Yara Shahidi Talks Directorial Debut, Occupying a 'White-Owned' Space at Beautycon

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The 'Grown-ish' star also talked about growing up with diverse Cinderellas during a panel discussion, "Fighting the Fear of Being Yourself."

Fresh off the Beautycon panel "Black Girl Magic on the Big Screen" featuring Marsai Martin, Issa Rae and Regina Hall, the crowd at New York’s Jacob K. Javits convention center this weekend moved right into a talk entitled "Fighting the Fear of Being Yourself" with Martin’s Black-ish co-star Yara Shahidi (now on the ABC hit Grown-ish) and journalist-activist Noor Tagouri.

Shahidi started the discussion by delving into her 2018 directorial debut with the short film X, inspired by Albert Lamorisse’s 1956 French film The Red Balloon, Roman Mars’ "99% Invisible" podcast, and Shahidi’s life in Los Angeles. "I was attempting to take the audience through the journey of a young character [X] who has to grow up quite literally in front of our eyes," said the 19-year-old actress and Harvard student.

"It’s a larger commentary on the daily trauma that you endure and how it can be something so small, but how you're forced to grow up in certain environments," she said. "Being black and Iranian, being proud of both…being a member of such a large Gen Z community who assumes every identity, that stuff becomes personal."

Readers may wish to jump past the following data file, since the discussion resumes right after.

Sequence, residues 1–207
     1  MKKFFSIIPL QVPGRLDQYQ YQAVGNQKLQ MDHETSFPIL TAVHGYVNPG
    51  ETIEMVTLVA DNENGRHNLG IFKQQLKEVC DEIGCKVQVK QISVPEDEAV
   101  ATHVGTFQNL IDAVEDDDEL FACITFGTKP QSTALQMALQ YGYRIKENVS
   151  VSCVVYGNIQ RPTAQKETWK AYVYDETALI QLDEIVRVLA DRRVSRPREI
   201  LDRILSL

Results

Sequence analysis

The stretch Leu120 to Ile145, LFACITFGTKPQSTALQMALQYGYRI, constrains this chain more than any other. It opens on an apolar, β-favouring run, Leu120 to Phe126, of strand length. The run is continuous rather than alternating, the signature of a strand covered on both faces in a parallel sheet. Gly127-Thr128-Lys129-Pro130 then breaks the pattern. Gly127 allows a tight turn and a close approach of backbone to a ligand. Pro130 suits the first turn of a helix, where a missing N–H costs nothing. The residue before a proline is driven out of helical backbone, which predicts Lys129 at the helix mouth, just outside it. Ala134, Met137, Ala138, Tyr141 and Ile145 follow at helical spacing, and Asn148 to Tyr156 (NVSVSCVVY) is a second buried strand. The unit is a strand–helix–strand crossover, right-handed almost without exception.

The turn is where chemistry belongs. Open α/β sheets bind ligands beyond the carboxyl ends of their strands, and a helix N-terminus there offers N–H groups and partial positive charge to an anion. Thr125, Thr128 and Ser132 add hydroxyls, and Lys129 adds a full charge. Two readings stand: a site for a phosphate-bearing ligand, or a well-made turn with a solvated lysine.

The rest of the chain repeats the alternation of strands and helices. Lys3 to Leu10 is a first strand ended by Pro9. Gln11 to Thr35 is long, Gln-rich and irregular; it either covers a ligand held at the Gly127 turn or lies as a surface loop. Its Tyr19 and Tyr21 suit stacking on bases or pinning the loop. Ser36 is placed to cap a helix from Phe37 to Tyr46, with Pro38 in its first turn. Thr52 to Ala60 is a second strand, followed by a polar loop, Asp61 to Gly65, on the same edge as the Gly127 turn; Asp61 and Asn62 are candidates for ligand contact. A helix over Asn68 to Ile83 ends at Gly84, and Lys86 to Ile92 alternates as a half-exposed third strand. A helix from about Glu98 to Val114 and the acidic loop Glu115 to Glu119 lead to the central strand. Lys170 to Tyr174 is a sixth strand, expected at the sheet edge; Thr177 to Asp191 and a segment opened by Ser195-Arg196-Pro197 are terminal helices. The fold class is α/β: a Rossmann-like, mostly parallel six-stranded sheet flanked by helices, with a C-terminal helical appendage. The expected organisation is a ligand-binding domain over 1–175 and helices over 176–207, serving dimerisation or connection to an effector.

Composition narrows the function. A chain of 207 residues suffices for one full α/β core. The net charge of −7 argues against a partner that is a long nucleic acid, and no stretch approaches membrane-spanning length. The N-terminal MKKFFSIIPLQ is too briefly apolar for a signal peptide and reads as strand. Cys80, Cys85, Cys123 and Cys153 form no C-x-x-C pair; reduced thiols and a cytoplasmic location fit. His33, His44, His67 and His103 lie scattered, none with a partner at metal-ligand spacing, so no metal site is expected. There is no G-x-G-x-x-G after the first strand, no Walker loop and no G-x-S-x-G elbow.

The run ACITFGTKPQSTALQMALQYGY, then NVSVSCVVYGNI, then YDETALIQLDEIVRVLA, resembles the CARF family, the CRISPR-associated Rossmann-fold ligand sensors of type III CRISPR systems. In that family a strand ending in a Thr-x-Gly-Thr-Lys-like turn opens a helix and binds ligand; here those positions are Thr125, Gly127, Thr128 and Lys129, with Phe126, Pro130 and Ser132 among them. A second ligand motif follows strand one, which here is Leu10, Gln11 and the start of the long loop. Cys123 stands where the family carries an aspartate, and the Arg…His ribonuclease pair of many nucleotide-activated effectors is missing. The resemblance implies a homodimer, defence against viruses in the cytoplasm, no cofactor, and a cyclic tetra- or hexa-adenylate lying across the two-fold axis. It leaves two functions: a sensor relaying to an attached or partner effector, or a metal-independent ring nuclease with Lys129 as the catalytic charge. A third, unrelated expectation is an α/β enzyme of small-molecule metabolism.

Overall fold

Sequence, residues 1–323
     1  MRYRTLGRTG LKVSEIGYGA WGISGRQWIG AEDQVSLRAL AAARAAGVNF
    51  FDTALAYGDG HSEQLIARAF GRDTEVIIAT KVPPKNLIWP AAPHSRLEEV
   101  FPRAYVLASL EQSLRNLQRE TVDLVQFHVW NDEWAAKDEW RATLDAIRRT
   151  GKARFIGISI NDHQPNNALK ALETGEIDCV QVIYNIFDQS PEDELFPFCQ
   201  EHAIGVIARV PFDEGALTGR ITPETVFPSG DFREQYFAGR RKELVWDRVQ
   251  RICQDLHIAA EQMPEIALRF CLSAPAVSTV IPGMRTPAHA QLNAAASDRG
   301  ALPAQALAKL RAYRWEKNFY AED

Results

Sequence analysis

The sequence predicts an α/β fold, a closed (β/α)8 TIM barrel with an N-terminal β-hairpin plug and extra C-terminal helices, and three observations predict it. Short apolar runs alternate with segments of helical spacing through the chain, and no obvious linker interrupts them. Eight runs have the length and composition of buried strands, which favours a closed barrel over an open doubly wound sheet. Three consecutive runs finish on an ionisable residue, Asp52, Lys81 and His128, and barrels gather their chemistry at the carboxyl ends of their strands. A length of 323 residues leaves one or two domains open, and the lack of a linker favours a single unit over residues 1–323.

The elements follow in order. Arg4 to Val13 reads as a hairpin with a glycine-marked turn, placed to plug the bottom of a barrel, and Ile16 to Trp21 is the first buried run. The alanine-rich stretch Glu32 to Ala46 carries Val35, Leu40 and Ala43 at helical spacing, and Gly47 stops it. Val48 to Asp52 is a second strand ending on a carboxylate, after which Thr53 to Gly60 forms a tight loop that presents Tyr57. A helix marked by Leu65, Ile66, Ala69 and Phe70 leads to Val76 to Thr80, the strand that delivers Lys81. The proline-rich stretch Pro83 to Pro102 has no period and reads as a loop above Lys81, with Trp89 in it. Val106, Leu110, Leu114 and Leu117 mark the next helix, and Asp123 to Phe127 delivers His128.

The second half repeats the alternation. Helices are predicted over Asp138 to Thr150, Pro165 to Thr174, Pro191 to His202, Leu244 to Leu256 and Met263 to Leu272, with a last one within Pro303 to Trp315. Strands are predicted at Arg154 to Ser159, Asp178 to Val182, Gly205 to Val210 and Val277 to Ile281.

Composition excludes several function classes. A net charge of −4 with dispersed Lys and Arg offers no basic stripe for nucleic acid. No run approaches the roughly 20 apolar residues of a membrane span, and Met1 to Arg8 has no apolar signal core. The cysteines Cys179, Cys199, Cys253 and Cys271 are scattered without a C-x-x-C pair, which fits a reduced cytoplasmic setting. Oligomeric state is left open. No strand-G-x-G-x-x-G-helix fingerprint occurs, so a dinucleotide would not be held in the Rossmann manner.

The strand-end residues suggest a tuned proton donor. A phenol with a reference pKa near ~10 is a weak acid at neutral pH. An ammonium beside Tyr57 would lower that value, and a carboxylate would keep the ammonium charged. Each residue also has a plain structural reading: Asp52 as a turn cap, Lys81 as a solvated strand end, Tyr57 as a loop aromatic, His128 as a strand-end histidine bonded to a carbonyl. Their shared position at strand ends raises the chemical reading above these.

Speaking to the daily struggle that white culture doesn’t necessarily recognize, she said: "What is it like when you are constantly occupying space you have no ownership of? What is it like to occupy a space that is white-owned and white-made and, therefore, you have no semblance of ownership over where you maneuver in the world?"

On the role of entertainment in her life, Shahidi says that she did not watch much television growing up, but rather lived in a world of books. "The TV was off Monday through Friday at our house, and I watched probably like an hour on Saturdays. But what my parents did was basically create a supplementary curriculum for me. What I was intaking was African folklore. I had the African Cinderella. I had Persian Cinderella. I had Korean Cinderella. I collected different Cinderella stories from around the world."

So her position as a budding film and television star is somewhat ironic, but she's grateful for her book-focused background.  "It wasn't until I hit 13 and I realized that so few people, including myself, get to see yourself on a large screen,” she said. "Because books are what informed my narrative, I was able to live a certain life in which my realm of possibility was endless. Whereas if you are intaking media and media is what defines what is normal, there is a constant pressure…to affirm and reaffirm to you that you are not normal."

As for her best piece of advice on being yourself, Shahidi said: "Find your support network. It’s always important to have that tribe to turn to process the day, to remind you that you aren't going crazy."